Center is seeking out the best therapies for asthma and airways disease

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About 13 years ago, when Geoffrey Chupp, MD, was training to be a doctor, his 18-month-old son, Billy, was diagnosed with asthma. “I remember so vividly seeing him standing next to the bed, short of breath, wheezing,” Chupp recalls. Parental concern merged with professional curiosity, and Chupp, who had long been interested in immunology, found his calling. “Asthma really piqued my interest, and I had this desire to do something about it,” he says.

The center, which opened in 2002, is housed in the Winchester Chest Clinic at Yale-New Haven Hospital, and is staffed by a dedicated team of ear, nose and throat, gastrointestinal, pulmonary and allergy specialists.

Serving a major need

The only dedicated adult asthma center between Boston and New York, YCAAD receives more than 3,000 patient visits a year and is the hub of Yale’s program for clinical/translational research. YCAAD treats adults, starting with teenagers (typically young athletes who need help maximizing their performance while managing their asthma) up through patients in their 80s.

New Haven is an ideal location for the clinic, Chupp says, because of the large number of people afflicted with asthma. “Close to 10 percent of the population has the disease, and if you add in allergies and other airways diseases, it’s even higher,” he says. “So we’re talking about a major need for specialty evaluation and management of patients.”

When patients come to the clinic, they are evaluated by a physician, who reviews their medical history and records. Pulmonary function is measured and, if necessary, blood work and a CT scan are ordered. Specialists, including an allergist and a gastroenterologist, are available to examine the patient. If physicians suspect that something in the patient’s environment – dust, mold, cleansers or second-hand cigarette smoke – is causing the illness, home and workplace inspections are conducted. Once a treatment has been developed and put into effect, they closely monitor the patient’s progress.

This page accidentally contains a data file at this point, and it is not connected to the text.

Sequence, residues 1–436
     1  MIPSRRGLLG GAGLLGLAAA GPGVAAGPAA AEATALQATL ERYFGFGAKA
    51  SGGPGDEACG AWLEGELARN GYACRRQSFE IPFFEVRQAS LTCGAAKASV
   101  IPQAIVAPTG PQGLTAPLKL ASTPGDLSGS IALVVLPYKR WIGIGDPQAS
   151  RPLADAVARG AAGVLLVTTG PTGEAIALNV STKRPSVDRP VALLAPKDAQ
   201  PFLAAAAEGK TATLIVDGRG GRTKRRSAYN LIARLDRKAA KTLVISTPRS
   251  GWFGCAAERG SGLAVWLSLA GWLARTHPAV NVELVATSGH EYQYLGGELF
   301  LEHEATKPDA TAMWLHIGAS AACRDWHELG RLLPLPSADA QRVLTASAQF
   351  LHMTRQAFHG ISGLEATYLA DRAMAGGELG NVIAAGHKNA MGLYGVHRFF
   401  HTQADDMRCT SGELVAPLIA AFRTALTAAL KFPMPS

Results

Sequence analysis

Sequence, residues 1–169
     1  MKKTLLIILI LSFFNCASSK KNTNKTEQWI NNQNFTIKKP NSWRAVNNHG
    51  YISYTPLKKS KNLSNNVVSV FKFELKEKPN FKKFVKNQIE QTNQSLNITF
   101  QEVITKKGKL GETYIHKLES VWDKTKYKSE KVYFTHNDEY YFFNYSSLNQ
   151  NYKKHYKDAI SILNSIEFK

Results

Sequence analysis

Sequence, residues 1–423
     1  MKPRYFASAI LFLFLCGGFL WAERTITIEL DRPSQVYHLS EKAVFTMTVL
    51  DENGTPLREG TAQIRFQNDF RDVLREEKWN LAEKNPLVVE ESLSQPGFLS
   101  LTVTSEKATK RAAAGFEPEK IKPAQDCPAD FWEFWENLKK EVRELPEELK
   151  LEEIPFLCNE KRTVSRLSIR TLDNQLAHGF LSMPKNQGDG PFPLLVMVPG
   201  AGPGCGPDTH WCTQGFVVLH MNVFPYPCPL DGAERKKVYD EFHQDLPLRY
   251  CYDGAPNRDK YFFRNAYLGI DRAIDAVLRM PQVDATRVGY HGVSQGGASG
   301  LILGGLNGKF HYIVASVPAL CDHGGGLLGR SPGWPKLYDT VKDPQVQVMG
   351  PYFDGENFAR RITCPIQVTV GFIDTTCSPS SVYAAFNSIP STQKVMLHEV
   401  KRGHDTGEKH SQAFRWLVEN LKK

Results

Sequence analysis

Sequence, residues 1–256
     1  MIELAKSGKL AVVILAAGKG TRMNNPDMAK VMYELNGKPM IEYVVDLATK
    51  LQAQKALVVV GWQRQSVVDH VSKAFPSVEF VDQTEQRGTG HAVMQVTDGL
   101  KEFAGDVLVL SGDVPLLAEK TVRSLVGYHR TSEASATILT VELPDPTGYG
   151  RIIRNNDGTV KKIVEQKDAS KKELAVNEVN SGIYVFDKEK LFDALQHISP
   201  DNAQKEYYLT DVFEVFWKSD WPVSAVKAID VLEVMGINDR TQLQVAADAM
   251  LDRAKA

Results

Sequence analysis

Novel treatments for complex cases

“A multidisciplinary clinic enhances the quality of care,” Chupp says. “It provides an intellectual environment that puts all the physicians working on the patient in the same place at the same time.”

That intellectual environment also means YCAAD has become a hub of bench and clinical research into airways disease. Since the clinic opened its doors, about 500 patients have signed up to participate in clinical trials, and Chupp recently received a $3.2 million grant to identify the molecules that drive the severity of the disease.

“If we just give our patients the same medication every other pulmonologist has, then we’re just kicking the can down the road,” Chupp says. “It’s critical as an academic medical center to not only provide standard treatments, but also novel ones, ones that are just coming out of the pipeline.”

Focus on personalized care

Lauren Cohn, MD, YCAAD’s associate director, treats patients as well as conducts research in immunology and asthma. Cohn says a lot of what they do at the clinic is “undiagnosing” asthma. “People think that everything that wheezes is asthma, but often it’s something else, and every patient is subtly different. Our goal is to personalize our patients’ treatment regimens.”

Key to meeting that goal is a steady stream of patients coming to the clinic with respiratory ailments who want to participate in clinical trials. On that score, Chupp is confident YCAAD is fulfilling its mission.

“My approach is Field of Dreams: if we build it they will come,” he says. “And that’s what I’m finding. We’re getting referrals; walk-ins come to us and say, ‘I want to be evaluated.’ It’s really starting to take hold.”


To contact the Yale Center for Asthma and Airways Disease, please call 203-785-4198.


This Article was submitted by Mark Santore, on Tuesday, January 28, 2014.
Source: Yale Medical Group